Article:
MIchael Barone: Half serious, half fantasy
Trump’s immigration plan makes sense in places, not in others
Donald Trump’s six-page platform on immigration may not be, as Ann Coulter wrote, “the greatest political document since the Magna Carta.” But given the issue’s role in elevating the candidate to leading Republican polls, it merits serious attention.
And at least some of the platform’s planks are serious. Trump calls for nationwide use, presumably mandatory, of E-Verify, the government system that is supposed to enable prospective employers to verify a job applicant’s immigration status.
He also calls for completion of a visa tracking system. About half of the nation’s estimated 11.3 million illegal immigrants (Pew Research Center estimates, not significantly changed from 2009 to 2014) are people who entered on valid visas and have stayed past the expiration date.
There’s only one problem here: gummint don’t do IT good. Example: healthcare.gov. Example: the FBI system abandoned after millions were spent. Example: the NextGen air traffic control system that went on the fritz last Saturday and stranded thousands at New York and D.C. airports.
Unfortunately, Trump the businessman did not accompany these reasonable proposals with suggestions about how to get government IT working.
Trump makes sense too in calling for outlawing sanctuary cities, though his remedy (withholding all federal funds) might not be the most effective. And ending catch-and-release of illegal border crossers seems like a no-brainer.
However, some of Trump’s proposals are, as Bloomberg’s Megan McArdle writes, “a farce.”
“End birthright citizenship,” he says bluntly. There’s an argument that the Supreme Court erred in its 1898 decision declaring that the Fourteenth Amendment grants citizenship to everyone born in the United States (except diplomats and the like).
But that argument isn’t going to sway the Court anytime soon, and amending the Fourteenth Amendment requires two-thirds votes of both houses of Congress and ratification by 38 state legislatures. Ain’t gonna happen.
Trump calls for building “a permanent border wall,” even though that’s technically unfeasible in some places (such as along the Rio Grande) and declares, “Mexico must pay for the wall.”
That sounds good in TV debates and on talk radio. And there’s a wisp of justification also for his claim that Mexico has encouraged illegal immigration to the United States. Mexico does seek to protect its citizens in this country and provides them with “matricula consular” documents.
But Trump’s argument that the U.S. can make Mexico pay by increasing border transit fees and impounding remittances from illegal workers is unrealistic. Will banks and Western Union be required to determine the legal status of depositors and customers? Will the government confiscate money deposited into U.S. bank accounts of workers’ foreign relatives?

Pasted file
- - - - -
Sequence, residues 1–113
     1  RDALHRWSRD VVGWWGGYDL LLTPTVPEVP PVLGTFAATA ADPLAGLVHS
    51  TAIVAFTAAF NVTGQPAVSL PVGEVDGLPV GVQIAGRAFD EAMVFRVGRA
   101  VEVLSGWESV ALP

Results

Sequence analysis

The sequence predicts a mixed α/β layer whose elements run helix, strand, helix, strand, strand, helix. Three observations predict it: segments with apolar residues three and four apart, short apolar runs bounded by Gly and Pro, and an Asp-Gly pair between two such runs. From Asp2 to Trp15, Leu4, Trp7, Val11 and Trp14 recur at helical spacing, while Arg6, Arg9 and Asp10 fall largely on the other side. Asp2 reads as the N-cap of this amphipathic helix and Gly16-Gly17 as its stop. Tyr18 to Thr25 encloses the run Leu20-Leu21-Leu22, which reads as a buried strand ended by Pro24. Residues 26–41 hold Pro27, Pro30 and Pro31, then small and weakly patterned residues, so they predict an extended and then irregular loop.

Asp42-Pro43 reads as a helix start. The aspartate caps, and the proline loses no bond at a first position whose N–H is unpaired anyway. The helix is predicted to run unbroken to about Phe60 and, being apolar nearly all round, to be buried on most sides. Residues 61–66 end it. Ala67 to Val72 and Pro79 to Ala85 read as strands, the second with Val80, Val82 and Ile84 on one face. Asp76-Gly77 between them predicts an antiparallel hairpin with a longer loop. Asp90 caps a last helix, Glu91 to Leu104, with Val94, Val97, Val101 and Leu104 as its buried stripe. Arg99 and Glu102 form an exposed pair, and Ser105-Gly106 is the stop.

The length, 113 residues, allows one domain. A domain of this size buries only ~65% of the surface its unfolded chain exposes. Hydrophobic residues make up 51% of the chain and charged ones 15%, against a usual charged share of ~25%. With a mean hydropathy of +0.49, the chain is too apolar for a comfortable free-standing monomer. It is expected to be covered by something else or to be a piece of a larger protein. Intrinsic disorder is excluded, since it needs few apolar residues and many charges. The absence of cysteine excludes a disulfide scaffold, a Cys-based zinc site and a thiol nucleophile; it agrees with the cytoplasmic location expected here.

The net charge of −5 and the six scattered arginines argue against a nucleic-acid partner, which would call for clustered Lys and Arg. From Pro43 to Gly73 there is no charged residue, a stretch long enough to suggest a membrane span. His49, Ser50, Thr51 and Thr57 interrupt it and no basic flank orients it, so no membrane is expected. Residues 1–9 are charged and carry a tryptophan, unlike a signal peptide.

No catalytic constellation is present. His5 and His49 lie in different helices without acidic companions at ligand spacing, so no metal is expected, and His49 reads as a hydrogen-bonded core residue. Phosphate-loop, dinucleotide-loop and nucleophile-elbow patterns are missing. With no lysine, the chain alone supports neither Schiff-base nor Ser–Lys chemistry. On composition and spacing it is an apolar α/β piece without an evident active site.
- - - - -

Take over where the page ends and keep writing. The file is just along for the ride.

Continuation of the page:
What may be most important about Trump’s six-page platform are the things he misses — such as the fact that immigration from Mexico is sharply down from the 1982-2007 surge. Net migration from Mexico to the U.S. in 2008-2012 was zero and any subsequent rise minor. Nor has Central America produced an offsetting surge. China and India each account for more immigrants than Mexico in recent years.
Nor does Trump address the fact that current immigration law has more places for collateral relatives of low-skill immigrants than for immigrants for whose high skills there is market demand.
He gets bogged down instead in a complex proposal to increase salary levels for holders of H-1B visas. He’s probably right that for a few big high-tech companies H-1Bs are a source of indentured labor that costs some Americans higher-paying jobs.
But the solution is to ditch the H-1B formula that tends to tie down high-skill migrants to specific employers and substitute something like the Canadian and Australian point systems that provide more places for high-skill immigrants — and let them contribute to free-market growth any way they like.
The most unrealistic Trump proposal is his call for “a pause” — of unspecified length — in issuing green cards to workers abroad, “where employers will have to hire from the domestic pool of unemployed immigrant and native workers.”
That’s a nod to history-minded immigration critics Pat Buchanan and Ann Coulter who argue the 1924 immigration act provided such a “pause.” But much of that “pause” came during depression and wear, when immigration would have been minimal anyway. Shutting high-skill immigrants out today is cutting off one’s nose to spite one’s face.
Some of Donald Trump’s prescriptions make sense. But too many result from misdiagnosis and would transform treatable illness into wasting disease.
Print This Article